A Center for Breast Cancer

Glenn Family Foundation supports wide-ranging research
Doctor with patient

Winship breast cancer researcher Ruth O’Regan says the Glenns’ support “enables us to push the boundaries of diagnosis and treatment of this challenging disease.”

Jack Kearse

One of every eight women will be diagnosed with breast cancer—the most common cancer diagnosis for women—estimates the National Cancer Institute (NCI).

With these statistics in mind, the Wilbur and Hilda Glenn Family Foundation has made gifts totaling $10 million to Winship Cancer Institute to fund a center for breast cancer research and treatment.

These gifts name the Glenn Family Breast Center at Winship and will focus on support for the breast cancer program’s research priorities, including funding for investigator-initiated clinical trials, recruitment, and continued support for Glenn Scholars, which awards pilot grants to Winship research scientists engaged in high-impact breast cancer research.

The Glenns were inspired to give by their appreciation for the care Winship provided to their daughter in 2003. They were gratified to find a research-based cancer center in Atlanta at the forefront of breast cancer research and treatment.

“We have experienced the uncertainty of this disease, and Winship helped our family fight back with excellent care at the forefront of medical advances,” said Lou Glenn, vice chair of the Glenn Foundation. “While our gifts target breast cancer, we hope that others will invest in Winship’s research and exceptional care for all types of cancer so many more families can be helped. Just as we benefited from investments made years before we were touched by this disease, we are confident that this investment will help future patients survive and thrive.”

The Glenn Foundation gifts will bolster Winship’s cancer biospecimen bank, clinical trials, community access, and a multidisciplinary approach to screening and caring for women at high risk. One research focus is on better understanding triple-negative breast cancer, an aggressive form that disproportionately affects African American women.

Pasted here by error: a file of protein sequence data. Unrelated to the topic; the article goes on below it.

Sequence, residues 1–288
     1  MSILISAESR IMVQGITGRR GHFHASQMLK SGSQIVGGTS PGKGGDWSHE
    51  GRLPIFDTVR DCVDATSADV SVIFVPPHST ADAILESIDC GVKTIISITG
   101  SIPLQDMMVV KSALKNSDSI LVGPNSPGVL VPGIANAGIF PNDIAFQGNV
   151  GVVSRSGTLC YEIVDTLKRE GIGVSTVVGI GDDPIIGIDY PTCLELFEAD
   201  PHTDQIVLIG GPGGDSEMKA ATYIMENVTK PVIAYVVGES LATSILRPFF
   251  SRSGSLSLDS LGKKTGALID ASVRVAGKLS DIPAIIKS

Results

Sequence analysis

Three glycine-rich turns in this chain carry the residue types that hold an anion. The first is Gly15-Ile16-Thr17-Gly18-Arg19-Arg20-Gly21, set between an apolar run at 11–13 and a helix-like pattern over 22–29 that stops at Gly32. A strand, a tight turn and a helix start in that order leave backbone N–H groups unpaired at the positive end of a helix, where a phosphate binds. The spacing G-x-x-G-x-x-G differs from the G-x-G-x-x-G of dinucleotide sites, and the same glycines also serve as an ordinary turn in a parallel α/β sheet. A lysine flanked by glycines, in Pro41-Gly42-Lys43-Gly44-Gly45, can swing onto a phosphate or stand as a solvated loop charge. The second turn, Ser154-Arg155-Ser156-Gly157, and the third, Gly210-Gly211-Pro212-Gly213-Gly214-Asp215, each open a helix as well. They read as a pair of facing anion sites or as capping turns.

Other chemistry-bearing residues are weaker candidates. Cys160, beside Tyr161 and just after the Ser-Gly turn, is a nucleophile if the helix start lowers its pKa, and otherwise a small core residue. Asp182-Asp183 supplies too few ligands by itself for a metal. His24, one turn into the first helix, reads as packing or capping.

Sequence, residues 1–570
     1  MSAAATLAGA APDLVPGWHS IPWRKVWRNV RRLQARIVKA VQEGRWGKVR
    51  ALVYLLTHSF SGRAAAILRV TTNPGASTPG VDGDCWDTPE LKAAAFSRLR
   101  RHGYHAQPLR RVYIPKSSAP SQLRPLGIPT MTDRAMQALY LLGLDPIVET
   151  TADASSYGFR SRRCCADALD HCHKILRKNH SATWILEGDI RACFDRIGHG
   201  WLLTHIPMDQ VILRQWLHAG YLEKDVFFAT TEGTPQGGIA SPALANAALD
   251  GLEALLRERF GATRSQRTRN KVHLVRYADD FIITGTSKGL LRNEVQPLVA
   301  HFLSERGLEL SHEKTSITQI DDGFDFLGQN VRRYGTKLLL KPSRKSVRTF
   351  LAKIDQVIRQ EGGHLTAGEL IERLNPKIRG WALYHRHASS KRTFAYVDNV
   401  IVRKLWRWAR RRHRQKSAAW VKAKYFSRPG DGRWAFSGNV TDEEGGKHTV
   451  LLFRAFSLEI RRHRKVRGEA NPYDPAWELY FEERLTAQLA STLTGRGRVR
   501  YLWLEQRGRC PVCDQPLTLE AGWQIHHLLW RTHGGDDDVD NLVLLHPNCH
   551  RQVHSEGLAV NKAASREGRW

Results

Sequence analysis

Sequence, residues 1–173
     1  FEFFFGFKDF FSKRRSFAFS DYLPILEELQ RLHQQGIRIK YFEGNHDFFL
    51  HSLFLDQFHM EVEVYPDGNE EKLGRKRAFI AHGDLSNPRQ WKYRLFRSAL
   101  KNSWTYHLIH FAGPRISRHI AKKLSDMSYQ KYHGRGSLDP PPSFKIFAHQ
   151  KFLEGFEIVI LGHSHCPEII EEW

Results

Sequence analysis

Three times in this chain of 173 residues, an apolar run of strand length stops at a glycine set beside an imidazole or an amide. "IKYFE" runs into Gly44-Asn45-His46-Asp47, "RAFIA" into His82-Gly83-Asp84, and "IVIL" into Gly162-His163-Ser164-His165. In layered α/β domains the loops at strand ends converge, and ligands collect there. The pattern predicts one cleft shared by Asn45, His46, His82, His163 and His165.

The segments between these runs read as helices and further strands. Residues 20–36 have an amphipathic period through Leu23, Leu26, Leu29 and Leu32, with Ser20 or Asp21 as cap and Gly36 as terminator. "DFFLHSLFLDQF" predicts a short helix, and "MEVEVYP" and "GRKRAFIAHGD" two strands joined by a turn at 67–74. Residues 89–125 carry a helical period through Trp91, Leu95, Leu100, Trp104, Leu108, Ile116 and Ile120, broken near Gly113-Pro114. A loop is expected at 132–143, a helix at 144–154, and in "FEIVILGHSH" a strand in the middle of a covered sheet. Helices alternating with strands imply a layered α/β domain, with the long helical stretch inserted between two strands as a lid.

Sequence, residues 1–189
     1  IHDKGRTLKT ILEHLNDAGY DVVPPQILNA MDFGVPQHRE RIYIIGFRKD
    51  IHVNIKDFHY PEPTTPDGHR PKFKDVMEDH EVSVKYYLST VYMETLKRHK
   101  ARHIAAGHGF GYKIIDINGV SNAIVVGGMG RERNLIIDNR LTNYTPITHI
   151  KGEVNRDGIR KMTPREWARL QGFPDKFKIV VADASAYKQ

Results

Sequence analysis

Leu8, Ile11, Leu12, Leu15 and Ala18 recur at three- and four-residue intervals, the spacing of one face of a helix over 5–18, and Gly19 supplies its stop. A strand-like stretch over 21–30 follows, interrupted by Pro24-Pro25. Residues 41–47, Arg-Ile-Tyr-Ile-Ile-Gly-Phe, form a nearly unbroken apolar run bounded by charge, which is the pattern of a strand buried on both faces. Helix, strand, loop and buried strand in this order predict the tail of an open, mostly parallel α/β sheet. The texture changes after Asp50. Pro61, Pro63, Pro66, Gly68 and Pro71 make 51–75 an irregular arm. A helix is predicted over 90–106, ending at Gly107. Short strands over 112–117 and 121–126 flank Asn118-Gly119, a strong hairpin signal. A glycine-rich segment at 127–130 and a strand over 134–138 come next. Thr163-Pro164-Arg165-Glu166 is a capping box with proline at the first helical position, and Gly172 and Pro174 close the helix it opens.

President James Wagner says the Glenn Foundation’s leadership echoes that of Robert Winship Woodruff, whose philanthropy in honor of his mother’s battle with cancer led to the founding seventy-five years ago of what would become the Winship Cancer Institute.

Annually, Winship serves more than nine hundred patients with breast cancer through a team approach in which medical, surgical, and radiation oncologists, plastic surgeons, radiologists, nurses, and other experts collaborate to provide advanced, individualized care.

Winship is Georgia’s first and only cancer center designated by the National Cancer Institute, a status that defines Winship as offering the highest quality cancer care in association with an outstanding research program. Through Winship’s clinical trials, patients benefit from access to the latest therapies and opportunities to participate in early trials of promising treatments. Winship’s NCI designation, renewed in 2012 with an “outstanding” rating, has brought Winship into an exclusive group of nationally recognized cancer centers, whose researchers and physicians share a single-minded goal: to eliminate the burden of cancer for all. Nationwide there are sixty-seven NCI―designated centers treating adult patients with cancer.

The Glenn Family Foundation also previously funded an endowed chair in breast cancer research, held by Ruth O’Regan, a Georgia Cancer Coalition Distinguished Cancer Scholar and international cancer expert.

“We know that each patient represents a wider family circle affected by this disease, and we are honored to have the Glenn Foundation’s support,” says O’Regan, who directs Winship’s translational breast cancer research program.

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